I loved my experiences with horses!
During the 2000’s I was fortunate to be able to live on a farm that housed horses. They were a great deal of work but also provided a wonderful sense of pleasure. The majority of horses I worked with were standard bred racehorses but there were a couple of retired horses used as companion horses as well.
At first I was primarily an observer as I knew nothing about taking care of horses. I would travel with the training team and driver to observe actual races from the paddock side of the track. It was here I learned how to approach a horse safely, bathing and grooming a horse and just enjoy being around them.
Each horse that came to the farm brought a different set of needs. The first horse that I actually was half owner of had a “knee” issue. After various trips to specialist vets it was determined he needed to be stalled for a number of weeks with twice daily walks. That is right, walks…I got up before work and walked him up and down our driveway and again once I got home from work. His stall also needed lots of work as he lived there 24/7. While being stalled, he learned to break down the wall between him and another horse. The stalls were wooden planks, Foreright would knock down a board and the other horse moved it out of the way (they were a great team!). Eventually concrete block walls replaced the wood.
Then there was Lincoln. Lincoln came to the farm as a weanling. He had a long ride to the farm from his birth home. He actually kicked his way out of the horse trailer at a toll booth! Needless to say, he was skiddish once he arrived. He was placed in his stall after meeting the other horses. He had never been used a bucket as he had just left his mother. The next morning when I went to check on him and take some images, I noticesd his eye lid did not look right…he had caught it in the clip on the water bucket and tore it. He was loaded in the trailer and took him to the vet to have it stitched. Each day antibiotics needed to be applied to eyelid, nurturing was needed, which I gave freely. I was told I babied him too much!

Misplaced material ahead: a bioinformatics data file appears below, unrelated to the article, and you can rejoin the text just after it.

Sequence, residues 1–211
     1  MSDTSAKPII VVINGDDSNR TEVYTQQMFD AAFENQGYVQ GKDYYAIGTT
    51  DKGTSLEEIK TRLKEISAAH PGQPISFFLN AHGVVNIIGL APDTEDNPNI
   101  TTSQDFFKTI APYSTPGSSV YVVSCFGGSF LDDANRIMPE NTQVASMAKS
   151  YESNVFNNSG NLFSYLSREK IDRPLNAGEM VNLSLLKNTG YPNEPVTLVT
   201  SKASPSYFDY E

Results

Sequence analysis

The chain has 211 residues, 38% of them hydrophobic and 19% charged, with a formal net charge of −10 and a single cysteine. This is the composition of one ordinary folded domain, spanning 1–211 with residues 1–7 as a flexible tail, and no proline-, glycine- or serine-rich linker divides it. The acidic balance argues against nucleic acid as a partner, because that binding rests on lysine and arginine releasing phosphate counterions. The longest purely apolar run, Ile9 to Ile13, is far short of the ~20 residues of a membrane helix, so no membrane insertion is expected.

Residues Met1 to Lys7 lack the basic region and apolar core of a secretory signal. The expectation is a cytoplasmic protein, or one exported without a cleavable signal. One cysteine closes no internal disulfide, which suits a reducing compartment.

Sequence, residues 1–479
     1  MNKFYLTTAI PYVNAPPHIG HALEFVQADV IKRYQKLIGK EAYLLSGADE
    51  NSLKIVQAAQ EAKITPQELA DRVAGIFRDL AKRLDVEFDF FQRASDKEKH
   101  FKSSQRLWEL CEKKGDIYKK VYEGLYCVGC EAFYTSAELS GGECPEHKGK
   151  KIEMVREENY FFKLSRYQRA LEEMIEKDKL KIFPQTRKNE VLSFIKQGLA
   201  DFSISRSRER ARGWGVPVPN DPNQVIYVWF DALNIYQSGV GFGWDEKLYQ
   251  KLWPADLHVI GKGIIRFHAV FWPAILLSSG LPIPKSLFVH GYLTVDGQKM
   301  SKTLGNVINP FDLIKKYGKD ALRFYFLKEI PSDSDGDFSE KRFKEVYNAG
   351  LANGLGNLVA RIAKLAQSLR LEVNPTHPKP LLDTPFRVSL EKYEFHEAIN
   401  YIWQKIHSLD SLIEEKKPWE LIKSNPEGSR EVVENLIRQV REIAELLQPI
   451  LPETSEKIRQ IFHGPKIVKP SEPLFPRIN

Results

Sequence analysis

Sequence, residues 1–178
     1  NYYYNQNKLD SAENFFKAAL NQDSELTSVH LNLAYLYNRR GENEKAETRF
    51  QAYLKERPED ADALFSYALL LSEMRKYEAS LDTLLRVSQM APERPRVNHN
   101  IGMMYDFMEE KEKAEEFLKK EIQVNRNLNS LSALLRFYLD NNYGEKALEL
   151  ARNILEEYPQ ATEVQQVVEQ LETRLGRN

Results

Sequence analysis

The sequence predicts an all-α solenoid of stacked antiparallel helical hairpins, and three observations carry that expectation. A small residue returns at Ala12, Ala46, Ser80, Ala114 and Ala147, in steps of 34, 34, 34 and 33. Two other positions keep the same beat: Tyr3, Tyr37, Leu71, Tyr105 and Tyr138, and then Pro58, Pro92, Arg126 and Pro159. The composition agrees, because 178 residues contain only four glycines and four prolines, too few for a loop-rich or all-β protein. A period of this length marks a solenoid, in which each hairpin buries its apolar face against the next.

At one point, there were five horses on the farm. They were great subjects for my photography. Onenight I woke up to this thundering noise, looking out the window I saw all of the horses running past the farmhouse with their manes and tails flying. I commented on what a beautiful image they made. The thought faded as I was putting on my coveralls and had to go out in the night to catch them and get them into their stalls as they had obviously broken through the electric fence.
One of the best photography experience I had was at the track…I learned that one of the features of a standard racehorse was the need to have all of their hoofs off the ground as if flying. To capture that moment in my photography was amazing. (Just a reminder, this is still a time of using film so I did not immediately know my results.)
It was during my time at the track that I was introduced to digital cameras. I was not an easy convert…it took quite a while before I was convinced to shift to the new medium.
Thank you for joining me on this journey,
Mary Beth Lovejoy, photographer